The San Francisco 49ers find themselves in the middle of a continuing squabble with the Santa Clara Stadium Authority. Members of the stadium authority, who are also on the city council, have registered complaints about how Levi’s Stadium is using public money. They requested an audit, and that has resulted in conflict over what documents and information the 49ers have provided to the auditors.
Late last year, the city stated they were sending a letter to the 49ers stadium management company claiming they were in breach of the stadium management agreement. They claimed various documents requested by the auditors were not provided. The 49ers have countered that saying such documents are either publicly available, or were available to be viewed at the team’s facility. The 49ers talked about how there are certain competitive advantages in event bidding and keeping some information private is important. In those instances, the 49ers have said they invited the auditors to view them at the 49ers facility instead of submitting them directly to the city, which would make them a matter of public record.
The 49ers sent a letter to Santa Clara recently, pointing out some of these issues, and claiming the stadium authority has not responded to various invitations. Most notably, it references the 49ers management company sending requests for estoppel certificates. When there is a concern about a potential breach that could lead to default, Section 14.1.1 of the Stadium Management Agreement (PDF) states that if the 49ers management company submits a request for a signed certificate verifying the company is in breach, the city must respond within 15 days. According to the letter, Santa Clara did not respond within 15 days.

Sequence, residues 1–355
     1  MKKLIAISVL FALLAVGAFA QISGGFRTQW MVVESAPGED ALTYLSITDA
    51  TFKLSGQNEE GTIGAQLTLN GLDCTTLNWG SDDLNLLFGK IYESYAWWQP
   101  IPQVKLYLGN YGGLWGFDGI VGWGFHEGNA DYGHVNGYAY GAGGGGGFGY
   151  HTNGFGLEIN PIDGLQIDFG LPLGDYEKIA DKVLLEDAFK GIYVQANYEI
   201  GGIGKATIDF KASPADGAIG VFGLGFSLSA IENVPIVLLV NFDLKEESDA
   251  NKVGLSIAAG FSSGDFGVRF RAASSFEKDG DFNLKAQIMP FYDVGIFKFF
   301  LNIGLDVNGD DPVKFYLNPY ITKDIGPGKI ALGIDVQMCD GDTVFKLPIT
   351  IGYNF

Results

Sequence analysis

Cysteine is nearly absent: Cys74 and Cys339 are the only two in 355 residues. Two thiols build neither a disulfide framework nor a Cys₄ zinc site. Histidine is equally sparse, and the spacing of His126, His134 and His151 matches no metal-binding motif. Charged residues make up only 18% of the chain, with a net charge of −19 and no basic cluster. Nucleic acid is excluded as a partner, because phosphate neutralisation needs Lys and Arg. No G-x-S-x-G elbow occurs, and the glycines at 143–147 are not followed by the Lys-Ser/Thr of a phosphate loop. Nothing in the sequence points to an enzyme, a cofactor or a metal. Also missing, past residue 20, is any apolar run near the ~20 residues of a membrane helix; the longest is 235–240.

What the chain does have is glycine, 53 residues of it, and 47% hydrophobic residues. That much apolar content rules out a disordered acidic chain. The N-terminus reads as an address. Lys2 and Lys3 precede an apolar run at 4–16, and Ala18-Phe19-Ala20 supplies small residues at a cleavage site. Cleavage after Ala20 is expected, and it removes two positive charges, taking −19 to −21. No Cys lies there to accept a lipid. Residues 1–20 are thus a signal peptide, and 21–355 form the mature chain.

The 49ers stadium management company (effectively “the 49ers”) has since filed this lawsuit against the stadium authority. The lawsuits asks for declaratory relief and attorneys’ fees. The suit points to the stadium authority claiming breach, and also the stadium authority failing to sign and return the estoppel certificates. The lawsuit asks for “a judicial declaration of the parties’ rights and obligations under the Stadium Management Agreement” and “a declaration of the parties’ rights and obligations under the Stadium Management Agreement with respect to the delivery of [the] certificates.”
We discussed the lawsuit last night, and I have since acquired a copy of it and the letter the 49ers sent to the stadium authority. Give them a read below.